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Wedding Photography and the Zoom Lens

If you get a bunch of wedding photographers together in a room (like AA), talk will eventually come around to lenses. A bunch of photographers talking about lenses makes watching paint dry seem glamorous. Everyone has a favorite lens and everyone has a particular style and it can be tough to decide on what your style and lens choices will be. It’s really just trial and error. Eventually, you will find yourself reaching for the same lens again and again and suddenly, before you know it, you have a style!

So, let’s talk about the almighty zoom lens.


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How to get them to smile at a wedding

I’m going to reveal a little trick that  I use… a super-secret weapon in the constant battle to get people to pay attention to me when shooting formals at a wedding.

Wedding photographers know what I’m talking about but for the rest of you I’ll explain.   After the wedding ceremony, when the photographer is shooting the formal portraits, it’s very common for a lot of people to be loitering around.   You’re shooting a lot of groups plus there’s just general mayhem.   This can make it tricky because you’ll be trying to take a picture and the subjects are constantly being distracted.   It’s important that you take the pictures as quickly as possible and frustrating when every shot is ruined by someone looking away from the camera.

Enter “The Magic Egg.” (more…)

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Photobooths for Fun and Profit

I photograph a lot of events – weddings, tournaments, parties.

One of my least favorite situations is when a photographer comes around to the table where everybody is eating, and wants to take a picture of the people at the table.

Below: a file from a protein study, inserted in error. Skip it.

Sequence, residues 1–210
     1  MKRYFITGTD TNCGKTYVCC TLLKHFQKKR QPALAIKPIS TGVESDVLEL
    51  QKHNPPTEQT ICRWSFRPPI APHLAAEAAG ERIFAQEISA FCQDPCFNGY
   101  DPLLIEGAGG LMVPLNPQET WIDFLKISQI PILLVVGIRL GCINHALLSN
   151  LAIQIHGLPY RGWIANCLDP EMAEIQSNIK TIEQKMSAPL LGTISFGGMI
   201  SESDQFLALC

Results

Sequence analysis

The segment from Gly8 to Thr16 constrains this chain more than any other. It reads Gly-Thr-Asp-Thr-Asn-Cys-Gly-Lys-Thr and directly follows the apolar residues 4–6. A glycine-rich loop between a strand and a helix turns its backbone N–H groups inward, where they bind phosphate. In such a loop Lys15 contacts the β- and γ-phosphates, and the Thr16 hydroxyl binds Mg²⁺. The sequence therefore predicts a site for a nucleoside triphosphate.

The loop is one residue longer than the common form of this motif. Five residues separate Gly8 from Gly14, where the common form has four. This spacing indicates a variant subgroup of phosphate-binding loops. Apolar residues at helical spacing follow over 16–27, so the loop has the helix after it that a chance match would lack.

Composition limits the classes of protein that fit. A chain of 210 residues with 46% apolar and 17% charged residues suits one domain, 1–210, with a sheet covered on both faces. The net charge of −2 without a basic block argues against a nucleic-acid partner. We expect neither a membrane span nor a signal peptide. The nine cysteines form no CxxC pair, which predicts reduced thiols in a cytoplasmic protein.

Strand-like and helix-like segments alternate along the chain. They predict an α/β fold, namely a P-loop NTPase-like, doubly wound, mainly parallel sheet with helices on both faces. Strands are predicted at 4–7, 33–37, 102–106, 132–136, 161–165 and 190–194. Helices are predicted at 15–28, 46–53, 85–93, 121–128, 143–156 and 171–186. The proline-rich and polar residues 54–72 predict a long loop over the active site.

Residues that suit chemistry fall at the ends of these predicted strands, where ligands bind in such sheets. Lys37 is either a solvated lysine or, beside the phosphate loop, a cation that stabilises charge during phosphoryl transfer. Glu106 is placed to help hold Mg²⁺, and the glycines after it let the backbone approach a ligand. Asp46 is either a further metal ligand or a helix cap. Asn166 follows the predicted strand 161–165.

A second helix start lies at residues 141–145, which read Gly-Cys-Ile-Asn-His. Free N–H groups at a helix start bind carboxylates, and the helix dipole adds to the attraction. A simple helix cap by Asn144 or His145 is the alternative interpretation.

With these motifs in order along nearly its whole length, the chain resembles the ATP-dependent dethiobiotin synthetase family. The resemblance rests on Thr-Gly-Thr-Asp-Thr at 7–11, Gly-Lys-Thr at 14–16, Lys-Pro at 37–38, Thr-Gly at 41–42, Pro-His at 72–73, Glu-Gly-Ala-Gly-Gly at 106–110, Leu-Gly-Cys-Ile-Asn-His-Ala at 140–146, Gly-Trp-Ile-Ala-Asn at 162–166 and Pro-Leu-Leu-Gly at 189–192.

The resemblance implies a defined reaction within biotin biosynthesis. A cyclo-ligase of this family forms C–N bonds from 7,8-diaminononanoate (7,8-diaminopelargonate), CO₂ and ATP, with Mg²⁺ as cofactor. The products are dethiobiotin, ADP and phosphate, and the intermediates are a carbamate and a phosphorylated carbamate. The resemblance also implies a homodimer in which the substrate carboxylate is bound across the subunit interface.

I have several problems with this. (more…)

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Stay away from the light!


In my last post I talked about David Zizer’s new seminar. This time around I’d like to talk a little bit about what I took away from the experience and how I plan to use it to make myself a better photographer. (more…)

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Review: David Ziser Digital Wake-up Call Seminar

David Ziser is currently on tour with his Digital Wake Up Call Seminar. Last night he was in Tampa, and I went to see his presentation.

I’ll be honest and tell you that I’ve never actually been to this sort of seminar before. Occasionally, a big-name photographer will pass through Tampa running some sort of seminar and I’ll toss around the idea of going to see it… but usually I pass. I’ve been a fan of David’s work for some time and so I decided to lose my virginity with his seminar. (more…)

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Is it live or is it Photoshop?

Tampa wedding photographyI find myself reading more and more discussions about technical skill vs. Photoshop. There is a certain amount of resentment from photographers who have spent considerable time and effort honing their skills only to see “poor” photographers cutting into their market by fixing their inferior work after-the-fact in Photoshop. (more…)